what he does, he will die of a heart attack just like his father, uncle
and grandfather. The fact that three of Howard's close relatives died of
heart attacks strongly suggests that Howard himself is at risk. He may
have inherited genes that make his body less able to resist heart disease.
Researchers don't yet know how many genes are involved in heart disease
or how they work to bring about the illness. There is no test yet that
can tell Howard whether he has any or all of the genes that can lead to
a heart attack.
However, researchers do know something about the kinds of behavior that
can trigger heart disease. They know that it occurs more often in people
who smoke, have high blood pressure, eat high-fat diets, and do not exercise.
So maybe the reason that Howard's relatives died of heart attacks is
that they smoked, worried a lot, ate fatty foods all the time, and sat
around too much. Maybe Howard can improve his chances by taking better
care of himself.
On the other hand, it is possible that Howard's family carries heart
disease genes that express themselves very strongly. It is possible that
no matter what Howard does to keep fit, he can't stop those genes
from bringing on a heart attack.
The fact remains that Howard simply does not know what his risks are.
The way that genes and other factors work together to produce heart disease
is so complicated that doctors may never be able to make any safe predictions.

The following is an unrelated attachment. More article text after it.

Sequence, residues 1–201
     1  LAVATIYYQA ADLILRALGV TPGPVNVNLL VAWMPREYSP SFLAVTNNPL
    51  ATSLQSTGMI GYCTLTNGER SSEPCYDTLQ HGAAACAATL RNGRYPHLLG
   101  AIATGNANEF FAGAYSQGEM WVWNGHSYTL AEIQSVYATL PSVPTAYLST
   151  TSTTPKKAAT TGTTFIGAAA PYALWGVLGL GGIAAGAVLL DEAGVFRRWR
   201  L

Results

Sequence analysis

Of course, Howard also needs to remember that his cause of death could
have nothing to do with genes. A car accident or a bolt of lightning could
get him tomorrow. No matter how much Howard learns about his genes, he
will never be able to read his future.
Dealing with Genetic
Like Howard, we all must make decisions about the way we live our lives.
More and more, however, our decisions will be influenced by information
we have about our genes.
Not too far in the future could be a single test that will examine thousands
of your genes. The test will reveal whether any of these genes are unusual
Knowing your genetic
profile could be very helpful to you. It could suggest what health-related
behaviors you should follow. It could tip you off to have frequent checkups
for genetic conditions for which you are at risk. It could help you plan
your life so that you avoid behaviors and substances that trigger diseases.
At the same time, knowing your genetic profile could create problems
for you. As we said earlier, everyone has a number of "problem" genes.
For the most part, you don't know what your problem genes are, and you
never will find out unless a health problem surfaces. A piece of paper
that lists these "problem" genes could give you a lot of things to worry
about that may never come to pass.
It is possible that people who learn their genetic profile will limit
the choices they make based on such fears. People may choose not to marry
or build a career because they believe that they are doomed by their "problem"
genes. The expectation of disease may ruin their enjoyment of life.
A big question is whether children should be told information about
the genes they carry or, if so, at what age they should be told. It can
be difficult for children to understand some of the important facts about
genetics, such as the difference between a risk and a sure thing. There
is the possibility that they will misunderstand what they are told.
There also is the risk that they will not be mature enough to cope with